Important notice about the
STEREO redirects
New procedure for updating SolarSoft
Readonly problem while updating SolarSoft with WGET
Information
about STEREOA close approach to Earth, August 2023
Explanation of Coordinate Systems
The coordinate systems used on the
"Where is STEREO?"
page follow the definitions given in the following references
 Fränz, M. and Harper, D. (2002). Heliospheric coordinate
systems. Planetary and Space Science, 50, 217239.
 Hapgood, M. A. (1992). Space physics coordinate transformation: A user
guide. Planetary and Space Science, 40, 711717.
 Russell, C. T. (1971). Geophysical coordinate transformations. Cosmic
Electrodynamics, 2, 184196.
Below, each coordinate system is summarized.
Note that the various ecliptic coordinate systems can differ in how precession
is handled. Ecliptic coordinates can either be referenced to the J2000 epoch,
or precessed to the epoch of date. We follow the conventions of Fränz and
Harper (2002) in deciding which to apply for each coordinate system.
In the table below, the notation "J2000" means that the coordinates are
referenced to the J2000 epoch, while "D" means that the coordinates were
precessed to the mean ecliptic of date.
For each coordinate system, two axes are given. The third axis in each case
completes the righthanded system.
Geocentric coordinate systems 
GEI  Geocentric Equatorial Inertial 
X=First point of Aries
Z=Geographic north pole 
J2000 
GEO  Geographic 
X=Intersection of Greenwich meridian and geographic equator
Z=Geographic north pole 

GSE  Geocentric Solar Ecliptic 
X=EarthSun line
Z=Ecliptic north pole 
D 
Heliocentric coordinate systems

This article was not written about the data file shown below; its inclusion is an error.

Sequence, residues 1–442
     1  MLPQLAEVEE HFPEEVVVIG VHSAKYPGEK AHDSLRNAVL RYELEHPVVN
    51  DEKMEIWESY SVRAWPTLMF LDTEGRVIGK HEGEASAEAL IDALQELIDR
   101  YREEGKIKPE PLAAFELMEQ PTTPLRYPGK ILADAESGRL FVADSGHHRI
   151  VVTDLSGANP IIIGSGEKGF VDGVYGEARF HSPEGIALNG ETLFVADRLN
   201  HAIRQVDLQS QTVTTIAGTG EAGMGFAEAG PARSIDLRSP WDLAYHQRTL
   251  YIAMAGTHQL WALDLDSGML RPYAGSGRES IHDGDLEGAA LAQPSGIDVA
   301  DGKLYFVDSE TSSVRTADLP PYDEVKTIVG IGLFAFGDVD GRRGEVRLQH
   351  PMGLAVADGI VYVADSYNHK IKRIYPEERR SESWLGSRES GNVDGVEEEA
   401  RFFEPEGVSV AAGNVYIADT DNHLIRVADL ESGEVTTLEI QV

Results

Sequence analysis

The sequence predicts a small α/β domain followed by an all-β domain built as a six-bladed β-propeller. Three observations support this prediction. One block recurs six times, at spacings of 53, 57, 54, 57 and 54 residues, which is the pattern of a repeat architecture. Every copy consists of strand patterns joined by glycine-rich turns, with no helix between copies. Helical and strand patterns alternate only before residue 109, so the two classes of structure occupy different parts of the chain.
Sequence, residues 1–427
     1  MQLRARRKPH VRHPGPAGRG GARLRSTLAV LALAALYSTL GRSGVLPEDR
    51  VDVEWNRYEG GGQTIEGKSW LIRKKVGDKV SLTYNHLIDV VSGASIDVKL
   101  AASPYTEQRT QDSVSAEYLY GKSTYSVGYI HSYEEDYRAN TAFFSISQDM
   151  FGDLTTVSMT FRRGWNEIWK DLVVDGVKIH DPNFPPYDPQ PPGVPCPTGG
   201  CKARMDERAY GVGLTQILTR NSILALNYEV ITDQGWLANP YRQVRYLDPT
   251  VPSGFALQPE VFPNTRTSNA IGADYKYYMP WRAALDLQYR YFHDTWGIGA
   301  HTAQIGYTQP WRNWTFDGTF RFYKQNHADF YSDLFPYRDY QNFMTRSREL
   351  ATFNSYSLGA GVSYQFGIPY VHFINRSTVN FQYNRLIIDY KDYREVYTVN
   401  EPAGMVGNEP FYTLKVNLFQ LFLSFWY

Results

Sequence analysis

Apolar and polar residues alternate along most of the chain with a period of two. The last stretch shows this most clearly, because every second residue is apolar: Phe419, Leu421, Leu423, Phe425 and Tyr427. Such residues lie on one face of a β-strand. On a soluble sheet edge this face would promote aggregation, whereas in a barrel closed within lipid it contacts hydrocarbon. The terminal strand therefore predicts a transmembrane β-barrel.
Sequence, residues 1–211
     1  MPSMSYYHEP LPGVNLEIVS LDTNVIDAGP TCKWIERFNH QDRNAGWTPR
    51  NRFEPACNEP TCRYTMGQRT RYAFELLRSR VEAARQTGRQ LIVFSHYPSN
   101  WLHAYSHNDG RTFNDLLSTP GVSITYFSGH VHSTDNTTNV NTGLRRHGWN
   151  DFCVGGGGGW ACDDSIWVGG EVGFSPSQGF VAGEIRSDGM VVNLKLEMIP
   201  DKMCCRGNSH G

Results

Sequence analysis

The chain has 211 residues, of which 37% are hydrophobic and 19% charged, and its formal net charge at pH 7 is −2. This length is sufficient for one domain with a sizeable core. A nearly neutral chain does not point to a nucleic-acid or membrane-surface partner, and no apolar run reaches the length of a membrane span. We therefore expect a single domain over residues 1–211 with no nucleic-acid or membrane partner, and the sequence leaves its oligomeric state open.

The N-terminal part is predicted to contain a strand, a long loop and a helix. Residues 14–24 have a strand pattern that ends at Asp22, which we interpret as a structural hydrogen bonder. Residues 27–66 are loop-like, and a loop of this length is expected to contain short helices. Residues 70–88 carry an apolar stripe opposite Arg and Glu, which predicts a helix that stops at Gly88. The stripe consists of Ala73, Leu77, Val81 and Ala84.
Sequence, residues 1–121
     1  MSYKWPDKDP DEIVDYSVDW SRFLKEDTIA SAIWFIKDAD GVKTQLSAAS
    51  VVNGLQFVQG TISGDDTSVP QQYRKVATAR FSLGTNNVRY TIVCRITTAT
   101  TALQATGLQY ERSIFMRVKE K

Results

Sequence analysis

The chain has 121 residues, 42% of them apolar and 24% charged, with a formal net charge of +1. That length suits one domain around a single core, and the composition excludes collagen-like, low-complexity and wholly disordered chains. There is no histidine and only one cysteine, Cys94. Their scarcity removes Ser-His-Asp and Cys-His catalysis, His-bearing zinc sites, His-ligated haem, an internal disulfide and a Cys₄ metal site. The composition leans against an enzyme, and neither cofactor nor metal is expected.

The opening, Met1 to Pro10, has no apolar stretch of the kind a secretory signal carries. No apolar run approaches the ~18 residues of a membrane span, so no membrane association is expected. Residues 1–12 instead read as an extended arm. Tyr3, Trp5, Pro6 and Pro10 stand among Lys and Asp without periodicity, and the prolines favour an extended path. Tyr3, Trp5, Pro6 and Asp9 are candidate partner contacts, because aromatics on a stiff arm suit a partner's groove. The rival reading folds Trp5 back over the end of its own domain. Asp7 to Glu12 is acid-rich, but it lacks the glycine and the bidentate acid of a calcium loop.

HCI  Heliocentric Inertial 
Z=Solar rotational axis
X=Solar ascending node on ecliptic 
J2000 
HAE  Heliocentric Aries Ecliptic 
X=First point of Aries
Z=Ecliptic north pole 
J2000 
HEE  Heliocentric Earth Ecliptic 
X=SunEarth line
Z=Ecliptic north pole 
D 
HEEQ  Heliocentric Earth Equatorial 
Z=Solar rotation axis
X=intersection of solar equator and solar central meridian as seen
from Earth 

The calculations are based on the JPL/NAIF
SPICE
package, using IDL
software which is available as part of the
Solar Software Library.
A user's guide is available in both
PDF and
Postscript formats.
Roll angles for the two spacecraft are defined such that the nominal
orientation of each spacecraft is close to zero degrees. This is done by
subtracting 180 degrees from the Behind values reported by the spacecraft.
After the two spacecraft pass behind the Sun in 2015, the definition of
"nominal" orientation will need to be changedthis is not currently handled
by the software.
Last Revised: Thursday, 22Apr2010 21:10:37 UTC
Responsible NASA Official:
Privacy Policy and Important Notices
Feedback and comments: webmaster